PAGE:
first importance

1 Corinthians 15:1-10
1Now I would remind you, brothers, of the gospel I preached to you, which you received, in which you stand, 2and by which you are being saved, if you hold fast to the word I preached to you— unless you believed in vain. 3For I delivered to you as of first importance what I also received: that Christ died for our sins in accordance with the Scriptures, 4that he was buried, that he was raised on the third day in accordance with the Scriptures, 5and that he appeared to Cephas, then to the twelve. 6Then he appeared to more than five hundred brothers at one time, most of whom are still alive, though some have fallen asleep. 7Then he appeared to James, then to all the apostles. 8Last of all, as to one untimely born, he appeared also to me. 9For I am the least of the apostles, unworthy to be called an apostle, because I persecuted the church of God. 10But by the grace of God I am what I am, and his grace toward me was not in vain. On the contrary, I worked harder than any of them, though it was not I, but the grace of God that is with me.

The gospel is not advice about what we must do but good news about what Jesus has done. The gospel is not a list of instructions to be acted on, it is a message that is preached (v1, 2) and received (v2). This is good news because our acceptance by God doesn’t depend on our performance but on Jesus’ performance in our place.

Paul describes this news of first importance: that Jesus died [in our place for our sins] and was raised from the dead. Our sin is that we try to substitute ourselves for God. God responded by substituting himself for us

The message of the gospel is “according to the scriptures” (v3&4). It is the primary theme of the entire bible, from God’s response to Adam and Eve’s sin in Genesis 3:15, to the crowds singing about the Lamb who was slain in Revelation 5:12. Christianity is not about shaping God in our own image. God has told us what he is like. We respond to that revelation.

This gospel changes people, including those people mentioned in this passage. Cephas (Peter) was transformed from denying Jesus to a bold preacher of Jesus death and resurrection. The 12 were changed from an uncertain group in hiding to fearless martyrs for the faith. James started off thinking is brother was mentally unstable and ended up worshipping him as God. Paul set off on a journey to arrest and persecute Christians and spent the rest of his life planting churches.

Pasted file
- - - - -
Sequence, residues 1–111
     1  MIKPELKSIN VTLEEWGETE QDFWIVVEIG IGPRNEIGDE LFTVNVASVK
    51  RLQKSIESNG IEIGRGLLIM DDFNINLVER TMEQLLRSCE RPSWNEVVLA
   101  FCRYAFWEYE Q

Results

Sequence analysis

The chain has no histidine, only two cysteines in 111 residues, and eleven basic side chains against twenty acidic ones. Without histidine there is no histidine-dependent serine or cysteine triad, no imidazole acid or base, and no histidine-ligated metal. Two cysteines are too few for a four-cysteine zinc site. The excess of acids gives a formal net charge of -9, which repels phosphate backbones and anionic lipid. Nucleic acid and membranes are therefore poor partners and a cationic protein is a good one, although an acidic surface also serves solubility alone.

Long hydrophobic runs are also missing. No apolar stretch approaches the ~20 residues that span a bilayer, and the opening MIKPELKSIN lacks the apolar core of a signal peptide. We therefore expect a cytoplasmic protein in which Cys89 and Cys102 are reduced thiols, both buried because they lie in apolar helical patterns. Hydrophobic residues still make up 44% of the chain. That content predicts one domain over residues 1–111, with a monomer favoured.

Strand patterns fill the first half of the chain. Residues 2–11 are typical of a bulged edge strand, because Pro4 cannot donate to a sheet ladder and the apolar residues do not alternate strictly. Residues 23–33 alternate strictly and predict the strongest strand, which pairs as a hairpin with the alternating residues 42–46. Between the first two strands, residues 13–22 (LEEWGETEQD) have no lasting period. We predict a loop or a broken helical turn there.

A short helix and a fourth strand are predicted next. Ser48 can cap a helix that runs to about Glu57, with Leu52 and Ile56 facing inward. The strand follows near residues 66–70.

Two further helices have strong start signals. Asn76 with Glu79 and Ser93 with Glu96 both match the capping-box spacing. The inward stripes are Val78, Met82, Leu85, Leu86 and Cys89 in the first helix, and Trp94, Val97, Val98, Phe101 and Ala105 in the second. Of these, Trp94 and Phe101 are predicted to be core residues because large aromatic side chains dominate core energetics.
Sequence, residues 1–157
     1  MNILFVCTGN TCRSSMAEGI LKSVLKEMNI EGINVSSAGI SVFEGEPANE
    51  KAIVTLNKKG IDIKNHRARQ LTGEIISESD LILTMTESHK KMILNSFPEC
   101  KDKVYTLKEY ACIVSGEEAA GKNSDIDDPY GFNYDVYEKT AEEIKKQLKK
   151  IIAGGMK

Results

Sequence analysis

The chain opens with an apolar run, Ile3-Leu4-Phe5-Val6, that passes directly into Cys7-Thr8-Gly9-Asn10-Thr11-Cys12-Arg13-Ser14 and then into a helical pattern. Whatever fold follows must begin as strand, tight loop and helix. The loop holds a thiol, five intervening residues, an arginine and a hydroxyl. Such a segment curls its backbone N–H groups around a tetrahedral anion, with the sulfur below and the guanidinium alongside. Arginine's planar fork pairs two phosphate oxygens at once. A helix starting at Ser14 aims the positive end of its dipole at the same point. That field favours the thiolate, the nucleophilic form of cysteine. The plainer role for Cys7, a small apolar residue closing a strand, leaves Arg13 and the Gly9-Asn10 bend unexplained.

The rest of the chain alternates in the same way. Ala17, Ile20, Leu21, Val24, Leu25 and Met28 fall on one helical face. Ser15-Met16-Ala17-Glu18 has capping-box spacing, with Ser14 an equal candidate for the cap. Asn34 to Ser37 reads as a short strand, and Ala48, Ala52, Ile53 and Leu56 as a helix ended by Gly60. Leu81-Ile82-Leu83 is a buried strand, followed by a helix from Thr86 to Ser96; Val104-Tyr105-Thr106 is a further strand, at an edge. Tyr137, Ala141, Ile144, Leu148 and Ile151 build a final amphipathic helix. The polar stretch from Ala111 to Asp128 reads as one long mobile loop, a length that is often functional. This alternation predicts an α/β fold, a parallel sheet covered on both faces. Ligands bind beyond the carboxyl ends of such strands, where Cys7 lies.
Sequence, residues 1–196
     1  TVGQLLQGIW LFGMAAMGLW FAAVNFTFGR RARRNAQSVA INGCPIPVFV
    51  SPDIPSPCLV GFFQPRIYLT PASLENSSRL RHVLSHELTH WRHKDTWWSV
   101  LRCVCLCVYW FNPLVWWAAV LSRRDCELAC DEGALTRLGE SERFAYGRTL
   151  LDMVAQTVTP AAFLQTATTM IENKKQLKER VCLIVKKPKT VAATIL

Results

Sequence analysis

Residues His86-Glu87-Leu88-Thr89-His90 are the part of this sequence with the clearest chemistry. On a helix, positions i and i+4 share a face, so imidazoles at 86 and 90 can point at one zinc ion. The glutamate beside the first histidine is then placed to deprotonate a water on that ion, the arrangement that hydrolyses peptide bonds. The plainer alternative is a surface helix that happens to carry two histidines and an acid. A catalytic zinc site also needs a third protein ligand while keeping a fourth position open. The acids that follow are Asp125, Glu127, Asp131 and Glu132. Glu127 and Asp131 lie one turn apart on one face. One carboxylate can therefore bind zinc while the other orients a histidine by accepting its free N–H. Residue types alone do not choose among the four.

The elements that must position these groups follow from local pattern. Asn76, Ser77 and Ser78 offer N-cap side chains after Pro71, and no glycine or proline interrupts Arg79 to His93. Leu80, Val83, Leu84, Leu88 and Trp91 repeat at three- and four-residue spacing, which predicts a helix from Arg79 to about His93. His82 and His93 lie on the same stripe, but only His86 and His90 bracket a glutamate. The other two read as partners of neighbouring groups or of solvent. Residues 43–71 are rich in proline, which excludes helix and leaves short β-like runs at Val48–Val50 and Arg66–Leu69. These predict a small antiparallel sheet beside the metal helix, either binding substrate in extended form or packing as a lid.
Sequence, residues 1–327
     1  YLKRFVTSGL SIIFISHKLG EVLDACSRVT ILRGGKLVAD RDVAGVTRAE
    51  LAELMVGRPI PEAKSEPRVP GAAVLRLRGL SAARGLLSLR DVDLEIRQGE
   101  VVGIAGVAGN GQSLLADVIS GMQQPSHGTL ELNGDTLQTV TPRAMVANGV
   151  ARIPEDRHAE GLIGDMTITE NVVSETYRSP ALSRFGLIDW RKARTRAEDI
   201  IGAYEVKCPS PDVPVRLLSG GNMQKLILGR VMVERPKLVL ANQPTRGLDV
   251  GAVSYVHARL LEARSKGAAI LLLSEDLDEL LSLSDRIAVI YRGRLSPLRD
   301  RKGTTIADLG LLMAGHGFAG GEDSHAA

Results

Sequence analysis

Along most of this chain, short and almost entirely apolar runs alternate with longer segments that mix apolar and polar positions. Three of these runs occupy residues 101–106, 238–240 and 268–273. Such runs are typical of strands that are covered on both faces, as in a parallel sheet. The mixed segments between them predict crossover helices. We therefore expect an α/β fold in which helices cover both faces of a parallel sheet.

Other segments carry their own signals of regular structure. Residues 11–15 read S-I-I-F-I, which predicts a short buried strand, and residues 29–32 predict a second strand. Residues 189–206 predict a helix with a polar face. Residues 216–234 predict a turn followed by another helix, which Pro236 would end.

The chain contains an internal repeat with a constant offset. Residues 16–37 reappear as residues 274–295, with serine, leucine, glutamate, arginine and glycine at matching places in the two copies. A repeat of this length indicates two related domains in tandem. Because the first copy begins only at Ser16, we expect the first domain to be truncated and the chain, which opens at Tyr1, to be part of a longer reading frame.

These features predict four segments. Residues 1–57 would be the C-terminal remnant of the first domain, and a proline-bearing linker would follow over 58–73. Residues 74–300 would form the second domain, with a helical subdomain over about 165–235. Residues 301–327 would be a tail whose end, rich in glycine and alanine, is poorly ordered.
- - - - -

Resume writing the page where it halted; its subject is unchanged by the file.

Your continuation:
This gospel transformation is not just a one-off change but continues through our entire lives. Paul is writing this to Christians. He is reminding them of the gospel v1. He says it is the message “by which they are being saved” v2. Our failure to grow is down to our failure to remember and believe the gospel.

We contribute nothing to this other than our sin. It is a total gift of God’s grace. We don’t need to clean ourselves up first, which is good news because we wouldn't be able to! This unconditional love seems to be too good to be true, but if it leads us to think we can live in any way we want, we do not understand it. God’s grace changed Paul so that he could say “I am what I am” v10 (an apostle that didn’t deserve to be), and that “God’s grace to me was not in vain”v10. We don’t obey in order to be loved by God. He loved us first, and that love motivates us to obey.

Paul is writing this to remind Christians of the gospel. The gospel is not just for non-christians. We don't respond to the gospel once and then move on, we move on in the Christian life by our ongoing response to the gospel.